As I’ve shared here before, I had an interesting lunch with John Mulaney, just the two of us in the Village, back in April of 2015. He was a rising star and I’d jumped on the bandwagon early. What threw me off when we met was what a downer he was. He was quiet, not particularly engaging, and a little bit insecure. He’d obviously not taken the good drugs that morning.

He was polite. And later that night he invited me backstage to his dressing room, but feeling a tad insecure myself, I declined.

I think you can say that it is brave, what he is doing. Or maybe he realizes he can’t play a room until he addresses the elephant in the room. But I believe there’s another elephant there taking up space. And I hope for his sake that he’s able to stay sober. He’s still, along with Bo Burnham, the most talented comic around younger than 40ish.

The Bucks Stopped Here

A quick notes column on the first round of the NBA playoffs:

–You realize that Miami lost its play-in game at home to Atlanta and then went ahead and took care of the No. 1 seed in the East, the team with the NBA’s best record, in five games?!? WUT!

–Russell Westbrook scored 37 points in a game without attempting a single free throw. The Clippers lost that game.

–Devin Booker and Jimmy Butler have been the best player in either conference. Both are averaging just above 37 ppg, tops in the postseason. I already knew/believed Booker was a Hall of Famer, but what he did both on offense and defense versus the Clippers was astounding.

–How much are Kings fans going to be wondering about Harrison Barnes’ missed three in San Francisco on Sunday? If he hits that, Sac-Town goes up 3-1. Now they trail 3-2 and are headed back to Chase Center.

–The Suns have won five consecutive playoff series…when the opponent’s best or second-best player is out with injury. Can Jokic or Murray be hurt in the next 48 hours? The winner of this series is my favorite to win it all.

— A second-round series between LA and Golden State would, and should, break existence TV ratings records for a non-Finals matchup.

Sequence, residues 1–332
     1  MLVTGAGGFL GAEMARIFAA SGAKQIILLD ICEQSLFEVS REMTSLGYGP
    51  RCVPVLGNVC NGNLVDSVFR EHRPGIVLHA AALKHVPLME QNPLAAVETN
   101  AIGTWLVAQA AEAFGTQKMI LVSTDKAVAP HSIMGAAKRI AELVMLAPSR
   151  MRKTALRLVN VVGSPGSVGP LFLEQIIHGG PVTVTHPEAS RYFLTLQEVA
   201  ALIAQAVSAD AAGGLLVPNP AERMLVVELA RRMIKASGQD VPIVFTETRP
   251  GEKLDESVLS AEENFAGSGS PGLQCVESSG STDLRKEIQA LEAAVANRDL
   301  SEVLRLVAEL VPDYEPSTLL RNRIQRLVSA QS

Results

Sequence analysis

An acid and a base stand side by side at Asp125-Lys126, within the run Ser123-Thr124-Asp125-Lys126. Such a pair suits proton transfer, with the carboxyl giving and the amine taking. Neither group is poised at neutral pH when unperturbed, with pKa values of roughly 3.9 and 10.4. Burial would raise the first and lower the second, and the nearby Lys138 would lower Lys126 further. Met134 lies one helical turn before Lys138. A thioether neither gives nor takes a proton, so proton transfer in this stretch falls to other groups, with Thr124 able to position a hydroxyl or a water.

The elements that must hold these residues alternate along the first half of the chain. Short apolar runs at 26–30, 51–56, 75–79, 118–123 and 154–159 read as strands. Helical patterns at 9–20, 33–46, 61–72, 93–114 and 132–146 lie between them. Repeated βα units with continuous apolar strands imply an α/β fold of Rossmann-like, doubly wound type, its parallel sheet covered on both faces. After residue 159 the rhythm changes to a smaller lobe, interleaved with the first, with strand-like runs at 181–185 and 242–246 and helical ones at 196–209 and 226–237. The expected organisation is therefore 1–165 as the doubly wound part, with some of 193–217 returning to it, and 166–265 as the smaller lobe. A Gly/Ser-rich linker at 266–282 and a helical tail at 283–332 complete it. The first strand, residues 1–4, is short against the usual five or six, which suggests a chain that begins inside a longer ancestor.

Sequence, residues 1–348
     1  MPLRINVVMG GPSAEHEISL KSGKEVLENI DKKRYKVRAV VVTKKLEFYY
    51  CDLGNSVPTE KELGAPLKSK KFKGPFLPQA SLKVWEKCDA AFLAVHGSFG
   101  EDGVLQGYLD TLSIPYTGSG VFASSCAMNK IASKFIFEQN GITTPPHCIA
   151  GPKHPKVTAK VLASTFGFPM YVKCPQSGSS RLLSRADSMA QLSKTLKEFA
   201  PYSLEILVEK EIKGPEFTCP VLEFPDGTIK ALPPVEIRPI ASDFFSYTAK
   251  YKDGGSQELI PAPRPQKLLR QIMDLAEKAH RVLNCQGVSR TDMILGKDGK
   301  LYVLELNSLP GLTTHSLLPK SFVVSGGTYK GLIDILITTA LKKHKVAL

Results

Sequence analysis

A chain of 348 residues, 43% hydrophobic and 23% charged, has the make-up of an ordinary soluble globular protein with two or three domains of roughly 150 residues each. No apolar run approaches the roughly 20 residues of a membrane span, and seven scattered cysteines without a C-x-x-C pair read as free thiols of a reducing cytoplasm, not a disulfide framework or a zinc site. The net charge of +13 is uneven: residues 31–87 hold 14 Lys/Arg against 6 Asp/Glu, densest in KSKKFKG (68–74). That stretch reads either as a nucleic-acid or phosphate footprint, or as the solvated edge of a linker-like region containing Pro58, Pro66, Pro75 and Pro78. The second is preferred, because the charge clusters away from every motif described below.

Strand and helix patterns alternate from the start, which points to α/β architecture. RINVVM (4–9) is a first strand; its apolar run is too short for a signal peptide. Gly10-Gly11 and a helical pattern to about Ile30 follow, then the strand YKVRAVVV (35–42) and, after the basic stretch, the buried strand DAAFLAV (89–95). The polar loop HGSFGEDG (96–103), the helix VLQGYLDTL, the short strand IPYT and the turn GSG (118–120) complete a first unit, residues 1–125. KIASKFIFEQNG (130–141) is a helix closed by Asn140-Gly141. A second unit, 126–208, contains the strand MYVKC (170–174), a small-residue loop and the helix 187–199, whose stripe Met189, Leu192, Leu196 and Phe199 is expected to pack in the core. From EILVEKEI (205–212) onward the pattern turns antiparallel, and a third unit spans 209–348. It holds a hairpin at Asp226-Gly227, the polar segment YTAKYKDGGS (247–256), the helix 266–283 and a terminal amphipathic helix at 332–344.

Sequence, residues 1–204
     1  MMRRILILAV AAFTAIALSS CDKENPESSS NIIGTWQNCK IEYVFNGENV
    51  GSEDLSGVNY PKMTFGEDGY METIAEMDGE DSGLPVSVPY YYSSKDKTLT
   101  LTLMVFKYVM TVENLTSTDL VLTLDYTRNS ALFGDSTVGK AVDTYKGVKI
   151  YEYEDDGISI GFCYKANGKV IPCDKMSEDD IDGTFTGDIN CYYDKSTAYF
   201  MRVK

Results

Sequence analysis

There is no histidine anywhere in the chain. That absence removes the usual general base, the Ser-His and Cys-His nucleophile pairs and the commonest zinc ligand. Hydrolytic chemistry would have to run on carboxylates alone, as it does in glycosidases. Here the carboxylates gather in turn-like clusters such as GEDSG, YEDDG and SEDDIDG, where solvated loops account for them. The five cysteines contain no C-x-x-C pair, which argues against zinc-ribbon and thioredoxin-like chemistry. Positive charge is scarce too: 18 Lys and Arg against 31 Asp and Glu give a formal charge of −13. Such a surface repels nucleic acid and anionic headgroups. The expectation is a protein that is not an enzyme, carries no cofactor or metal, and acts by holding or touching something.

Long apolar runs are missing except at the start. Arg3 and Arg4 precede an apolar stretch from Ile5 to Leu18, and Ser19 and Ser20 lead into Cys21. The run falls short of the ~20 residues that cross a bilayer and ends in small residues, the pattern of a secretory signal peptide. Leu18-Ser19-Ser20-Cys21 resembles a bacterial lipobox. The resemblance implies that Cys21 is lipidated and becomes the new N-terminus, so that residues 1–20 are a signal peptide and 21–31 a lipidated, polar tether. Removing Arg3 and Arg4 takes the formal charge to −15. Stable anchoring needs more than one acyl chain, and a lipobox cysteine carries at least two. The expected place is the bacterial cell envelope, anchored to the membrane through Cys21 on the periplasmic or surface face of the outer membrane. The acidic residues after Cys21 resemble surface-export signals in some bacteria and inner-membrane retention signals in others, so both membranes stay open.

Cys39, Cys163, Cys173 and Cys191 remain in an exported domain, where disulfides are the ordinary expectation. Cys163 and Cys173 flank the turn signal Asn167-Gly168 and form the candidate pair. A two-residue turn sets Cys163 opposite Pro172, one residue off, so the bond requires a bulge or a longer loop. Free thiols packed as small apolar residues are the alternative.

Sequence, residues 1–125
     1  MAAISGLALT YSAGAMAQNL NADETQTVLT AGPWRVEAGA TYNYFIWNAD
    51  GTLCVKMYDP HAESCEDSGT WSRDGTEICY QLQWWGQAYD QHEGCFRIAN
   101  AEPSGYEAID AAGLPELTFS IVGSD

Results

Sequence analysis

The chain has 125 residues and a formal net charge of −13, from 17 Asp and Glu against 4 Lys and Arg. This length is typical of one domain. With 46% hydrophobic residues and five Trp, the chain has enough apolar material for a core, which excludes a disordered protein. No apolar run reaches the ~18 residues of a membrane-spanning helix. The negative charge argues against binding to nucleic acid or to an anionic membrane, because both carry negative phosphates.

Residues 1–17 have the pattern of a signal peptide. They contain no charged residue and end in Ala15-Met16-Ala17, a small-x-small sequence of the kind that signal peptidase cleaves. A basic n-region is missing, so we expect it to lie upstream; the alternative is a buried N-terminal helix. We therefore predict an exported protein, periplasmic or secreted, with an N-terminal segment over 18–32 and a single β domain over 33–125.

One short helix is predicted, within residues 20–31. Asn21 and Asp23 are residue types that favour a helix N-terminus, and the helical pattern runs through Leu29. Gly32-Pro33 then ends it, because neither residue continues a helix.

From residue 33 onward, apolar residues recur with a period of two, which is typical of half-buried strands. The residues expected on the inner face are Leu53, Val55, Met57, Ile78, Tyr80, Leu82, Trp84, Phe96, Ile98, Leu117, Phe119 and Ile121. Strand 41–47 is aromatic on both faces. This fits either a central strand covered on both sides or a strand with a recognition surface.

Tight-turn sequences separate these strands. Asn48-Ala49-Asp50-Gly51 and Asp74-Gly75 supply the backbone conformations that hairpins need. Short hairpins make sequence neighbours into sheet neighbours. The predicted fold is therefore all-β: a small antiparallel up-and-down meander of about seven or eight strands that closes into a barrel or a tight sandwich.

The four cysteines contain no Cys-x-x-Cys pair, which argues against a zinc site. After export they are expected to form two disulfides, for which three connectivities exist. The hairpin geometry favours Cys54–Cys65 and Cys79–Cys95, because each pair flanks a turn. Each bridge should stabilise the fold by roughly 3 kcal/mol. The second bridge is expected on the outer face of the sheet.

— Had to laugh when Deandre Ayton referred to himself as “Domin-Ayton.” Ninety percent of Monty Williams’ salary goes to managing that curious fellow.

–Damontas Sabonis will never be as good as his dad, but he’s better than I thought he’d be.

–On any other team without the best backcourt in NBA history, Jordan Poole is a star. His one-on-one moves, at this point in his career, are virtually unstoppable. I think he’s a more potent offensive weapon than Ja Morant.

–Something is off with the Celtics. I like either Philly or Miami to emerge from the East, and I think the NBA Finals would be more entertaining with either of those two squads.

–Giannis. The Question. Failure. Fair question, thoughtful answer. Any question that evokes such a viral response means the reporter was doing his job and then some.

Carol Turns 90

We were so spoiled on Saturday nights in the early to mid-Seventies. Saturday night’s lineup on CBS: All In The Family, The Jeffersons, Mary Tyler Moore, Bob Newhart, Carol Burnett. Shows 1, 3 and 5 on that list belong on anyone’s and everyone’s list of Top 10 TV shows.

Carol Burnett turned 90 yesterday. As a young comedic actress she was a huge fan of Lucille Ball and how fitting that the two redheads are the most naturally funny comediennes in the history of television.

Every Saturday night you’d tune in and just sop up Burnett’s opening, where she took the stage, talked to the audience and fielded a few questions. Then there were the sketches, some of the funniest ever written for television. The recurring characters, from Miss Sue Higgins to Eunice, were simply gold. Or, if you’ve never seen their take-off on a certain film classic, titled “Went With The Wind,” find it on YouTube.

Happy Birthday, Carol. We’re so glad we’ve had this time together. And so glad it’s not yet time to say, “So long.” We’re sending an ear tug your way.

Dollar Quiz

  1. What is the world’s northern-most city with a population greater than 1 million people?
  2. What president had the middle name “Birchard?”
  3. James Dean appeared in three films. Which one eerily forecasts his own death (it was released one month after he died)?
  4. How many stitches on a baseball (will accept single- or double-stitch number)?
  5. Name one band that appeared at Coachella earlier this month (I cannot, off-hand).